Most people say “I been there”, but, when writing, it’s really “I have (in the past) been there.” That one really trips some people up and I read it in their books and not just in dialogue, where it is acceptable. Take a pause, folks, and think about it. Unless you’re writing narrative in a regional dialect, it pays to question the words that come out of your mouth and whether they belong on the page.

Subject-verb disagreement

In Spanish and American Sign Language (my other two languages) the subject of the sentence must correctly align with the verb conjugation for both number and gender. I especially found Spanish to be challenging because of this. Less so ASL probably because it’s a visual-gestural language.

In English, compound subjects follow a simple rule. They’re plural. “Mark and Jane” are two subjects (compound). “They” are compound. “We” are compound. So much easier. But then you run across irregular verbs. Oh, those can be so frustrating.

Consider “forces of nature.” Nature is one subject … right? So the verb would be “is”, right? But, no, it’s plural subjects. It’s the forces of nature. Nature itself may be one thing, but it has multiple forces.

“The forces of nature are knocking the heck out of deck furniture.”

I corrected a supervisor one time over “rights of way”. He was planning to send this letter somewhere important, where his credibility was at stake and I was trying to save his career. Trust me, I have that correct. It is definitely “rights of way” (plural). But he spent a good half-hour arguing with me that it’s just one “right of way”. Yes, we were talking about just one “rights of way” in front of a business, but it’s still plural, not singular. We finally looked it up in two grammar books and on the Internet and I won the debate. He’s an engineer. I wouldn’t argue with him about how to build a road, but he wanted to argue with a professional writer about grammar. It was hilarious.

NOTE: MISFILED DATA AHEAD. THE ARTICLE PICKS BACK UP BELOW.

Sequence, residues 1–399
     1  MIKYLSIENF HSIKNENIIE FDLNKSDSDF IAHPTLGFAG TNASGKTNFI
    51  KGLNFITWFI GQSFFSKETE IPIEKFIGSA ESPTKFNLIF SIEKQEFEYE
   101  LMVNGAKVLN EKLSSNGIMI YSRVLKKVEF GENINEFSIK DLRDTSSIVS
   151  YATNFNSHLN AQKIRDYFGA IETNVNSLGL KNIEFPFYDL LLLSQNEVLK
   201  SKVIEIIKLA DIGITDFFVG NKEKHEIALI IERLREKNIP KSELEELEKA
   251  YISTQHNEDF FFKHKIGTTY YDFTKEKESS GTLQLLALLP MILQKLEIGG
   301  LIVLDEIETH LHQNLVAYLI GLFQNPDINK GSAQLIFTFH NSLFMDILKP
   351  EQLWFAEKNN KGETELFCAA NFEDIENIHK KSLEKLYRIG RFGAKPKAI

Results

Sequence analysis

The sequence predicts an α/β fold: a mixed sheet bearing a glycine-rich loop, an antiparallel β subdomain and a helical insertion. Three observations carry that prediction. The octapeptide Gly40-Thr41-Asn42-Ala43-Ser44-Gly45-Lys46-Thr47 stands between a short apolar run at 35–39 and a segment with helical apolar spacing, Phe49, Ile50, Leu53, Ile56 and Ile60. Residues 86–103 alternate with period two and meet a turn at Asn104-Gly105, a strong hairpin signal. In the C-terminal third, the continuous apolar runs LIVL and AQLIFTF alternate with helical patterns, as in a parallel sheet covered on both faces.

Grammarly suggests you memorize irregular verbs, but you can usually reason them out — that’s how I do them, though I also still pull out my 30-year-old Associate Press Style Guide when I get stumped.

Run-on sentences

A run-on sentence contains two or more independent clauses (a group of words that contains a subject and a verb and that can stand alone as a sentence) that are not connected with correct punctuation. 

Though there are different kinds of run-on sentence errors, most often writers neglect to use a comma before a coordinating conjunction (and, but, or, etc.).

“I enjoy writing immensely but my deadline is looming I am starting to feel overwhelmed.”

It’s rare for me to include a run-on sentence even in a draft because I am a fan of Hemingway and trained as a journalist. Journalists HATE commas, so are told whenever we feel like putting one in a sentence, we should ask ourselves if we couldn’t use a period instead. If you can use a period instead of a comma, you should use the period. See, you don’t even have to memorize a rule for that, but there is a rule.

Each independent clause must be set apart from other independent clauses with punctuation or a comma and conjunction. Punctuation marks that are ideal for marking complete sentences are periods (full-stops), semicolons, and em dashes. Got it! Use it! Stop frustrating me!

Comma splices

Comma splices and run-on sentences are kissing cousins. Comma splices are really run-on sentences.

“He was very hungry, he ate a whole pizza.”

When a writer joins two independent sentences with a comma instead of separating them with a period or a conjunction, that’s a comma splice and it makes my head pound. Cut it out!

Pronoun-antecedent disagreement

“John had a card for Helga but couldn’t deliver it because he was in her way.”

When you use the pronouns “him” or “her”, readers need to know to whom those pronouns refer. Otherwise, they get confused.

Who is the second “he” in the above sentence — John or someone else? If the reader has to look back at the last sentence to be sure, you’ve not done your job as a writer correctly.

“John had a card for Helga but couldn’t deliver it because Tim was in Helga’s way.”

But what about me?